- The sample should be taken from the different cities of Pakistan.
- Both partially separated and living together couples should be taken, so that the results can be applicable to the population.
- Lectures on the trust and possessiveness should be arranged to build more trust and less possessiveness among their relationships.
- Building the trust in such away which can make their spousal relationship trustworthy and successful.
- The findings of the present research can be helpful in building trust and satisfaction among the newly married couples.
- The current research will prove to be effective for those who are interested in investigating the relationship of trust, possessiveness and spousal relationship among the newly married couples.
- Barelds, D. P. H., & Barelds-Dijkstra, P. (2007). Relations between different types of jealousy and self and partner perceptions of relationship quality. Clinical Psychology & Psychotherapy, 14(3), 176-188.
- Barelds, D. P. H., & Dijkstra, P. (2006). Reactive, anxious and possessive forms of jealousy and their relation to relationship quality among heterosexuals and homosexuals. Journal of Homosexuality, 51(3), 183-198.
- Barry, W. A. (1970). Marriage research and conflict: An integrative review. Psychological Bulletin, 73(1), 41.
- Berscheid, E., Snyder, M., & Omoto, A. (2004). Measuring closeness: The Relationship Closeness Inventory revisited. In D. J. Mashek & A. Aron (Eds.), Handbook of closeness and intimacy, 81-102. Mahwah, NJ: Erlbaum.
- Bouchard, G., Lussier, Y., & Sabourin, S. (1999). Personality and marital adjustment: Utility of the five-factor model of personality. Journal of Marriage and the Family, 651-660.
- Bringle, R. G. (1991). In P.Salovey (Ed.), Psychological aspects of jealousy: transactional model.
- Buss, D. M., & Shackelford, T. K. (1997). From vigilance to violence: Mate retention tactics in married couples. Journal of Personality and Social Psychology, 72(2), 346-361.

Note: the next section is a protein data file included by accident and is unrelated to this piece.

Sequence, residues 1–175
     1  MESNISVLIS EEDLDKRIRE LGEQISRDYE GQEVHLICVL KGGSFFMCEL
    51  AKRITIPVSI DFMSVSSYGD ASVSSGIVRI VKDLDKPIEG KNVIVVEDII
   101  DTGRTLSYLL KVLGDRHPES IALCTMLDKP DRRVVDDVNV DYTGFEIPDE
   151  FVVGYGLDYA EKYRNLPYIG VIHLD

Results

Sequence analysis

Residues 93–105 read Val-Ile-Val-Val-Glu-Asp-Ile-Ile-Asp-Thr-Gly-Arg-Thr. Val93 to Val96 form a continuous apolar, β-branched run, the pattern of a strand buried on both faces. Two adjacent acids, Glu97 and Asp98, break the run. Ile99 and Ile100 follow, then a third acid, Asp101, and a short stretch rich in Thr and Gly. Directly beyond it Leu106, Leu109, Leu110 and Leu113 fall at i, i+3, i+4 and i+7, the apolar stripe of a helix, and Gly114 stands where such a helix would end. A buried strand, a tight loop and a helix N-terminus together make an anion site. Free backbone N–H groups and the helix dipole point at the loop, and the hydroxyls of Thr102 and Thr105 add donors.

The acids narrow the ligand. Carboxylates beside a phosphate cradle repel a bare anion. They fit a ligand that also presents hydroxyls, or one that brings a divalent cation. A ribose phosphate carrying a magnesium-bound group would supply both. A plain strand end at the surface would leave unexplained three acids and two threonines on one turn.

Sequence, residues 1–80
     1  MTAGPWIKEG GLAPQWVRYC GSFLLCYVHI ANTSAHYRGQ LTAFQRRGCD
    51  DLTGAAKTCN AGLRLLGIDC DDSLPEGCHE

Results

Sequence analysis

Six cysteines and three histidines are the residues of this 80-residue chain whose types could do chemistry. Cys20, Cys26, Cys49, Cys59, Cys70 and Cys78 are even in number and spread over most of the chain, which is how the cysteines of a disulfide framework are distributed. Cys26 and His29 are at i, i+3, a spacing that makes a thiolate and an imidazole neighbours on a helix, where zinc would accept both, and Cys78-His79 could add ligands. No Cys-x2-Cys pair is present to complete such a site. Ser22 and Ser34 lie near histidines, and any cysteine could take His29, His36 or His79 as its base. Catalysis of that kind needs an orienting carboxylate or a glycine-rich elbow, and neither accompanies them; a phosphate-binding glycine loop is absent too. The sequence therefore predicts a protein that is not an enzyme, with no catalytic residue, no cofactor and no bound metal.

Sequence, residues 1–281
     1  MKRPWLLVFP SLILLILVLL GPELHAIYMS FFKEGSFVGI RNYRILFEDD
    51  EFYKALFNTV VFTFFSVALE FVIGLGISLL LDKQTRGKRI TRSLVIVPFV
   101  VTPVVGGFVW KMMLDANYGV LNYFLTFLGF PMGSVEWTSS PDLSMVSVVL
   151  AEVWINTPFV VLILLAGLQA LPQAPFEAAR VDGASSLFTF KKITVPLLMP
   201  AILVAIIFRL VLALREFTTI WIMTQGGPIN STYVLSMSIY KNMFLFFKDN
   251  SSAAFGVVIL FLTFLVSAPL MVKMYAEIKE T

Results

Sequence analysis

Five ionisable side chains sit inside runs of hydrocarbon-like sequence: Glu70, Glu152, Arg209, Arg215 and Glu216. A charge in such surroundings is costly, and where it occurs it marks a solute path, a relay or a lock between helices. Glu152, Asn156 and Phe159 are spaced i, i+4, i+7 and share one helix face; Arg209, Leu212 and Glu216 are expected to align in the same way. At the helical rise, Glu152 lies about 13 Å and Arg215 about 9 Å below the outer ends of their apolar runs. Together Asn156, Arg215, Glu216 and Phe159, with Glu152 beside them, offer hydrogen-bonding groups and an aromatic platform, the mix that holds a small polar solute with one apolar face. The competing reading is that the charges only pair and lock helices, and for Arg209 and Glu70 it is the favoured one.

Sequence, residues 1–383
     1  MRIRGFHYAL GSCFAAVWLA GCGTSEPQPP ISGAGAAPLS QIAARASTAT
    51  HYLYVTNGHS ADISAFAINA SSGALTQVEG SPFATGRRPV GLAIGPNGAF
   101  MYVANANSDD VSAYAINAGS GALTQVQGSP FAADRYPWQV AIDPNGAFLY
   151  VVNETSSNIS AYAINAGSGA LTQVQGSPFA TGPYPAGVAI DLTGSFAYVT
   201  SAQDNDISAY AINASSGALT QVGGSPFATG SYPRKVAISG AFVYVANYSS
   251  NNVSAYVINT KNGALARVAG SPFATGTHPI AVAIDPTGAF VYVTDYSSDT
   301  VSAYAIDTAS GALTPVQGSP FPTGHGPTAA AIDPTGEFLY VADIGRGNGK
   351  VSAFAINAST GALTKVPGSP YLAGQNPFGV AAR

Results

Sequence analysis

- Buunk, B. P. (1991). Jealousy in close relationships: An exchange-theoretical perspective. The psychology of jealousy and envy (pp. 148-177). New York, NY: Guilford.
- Buunk, B. P. (1997). Personality, birth order and attachment styles as related to various types of jealousy. Personality and Individual Differences, 23(6), 997-1006.
- Daly, M., Wilson, M. I., & Weghorst, S. J. (1982). Male sexual jealousy. Ethology & Sociobiology, 3(1), 11-27.
- Derrick, J. L., Griffin, D. W., Holmes, J.G., & Murray, S.L. (2015). A new Equilibrium Model of Relationship Maintenance. Journal of Personality and Social Psychology, 108(1), 93–113.
- Deutsch, M. (1973). The resolution of conflict: Constructive and destructive processes. New Haven, CN: Yale University Press.
- Funk, J. L. & Rogge, R. D. (2007). Testing the ruler with item response theory: Increasing precision of measurement for relationship satisfaction with the Couples Satisfaction Index. Journal of Family Psychology, 21, 572-583.
- German, N. M. (2008). Depression and marital adjustment.
- Guerrero, L.K., Spitzberg, B.H., & Yoshimura, S.M. (2004). Sexual and Emotional Jealousy. In J.H. Harvey, S. Sprecher, and A. Wenzel (Eds.),The Handbook of Sexuality in Close Relationships (pp. 311-345). Mahwah, NJ: Lawrence Erlbaum Associates.
- Hendrick, C., & Hendrick, S. (1983). Liking, loving and relating. Monterey, CA Brooks/Cole.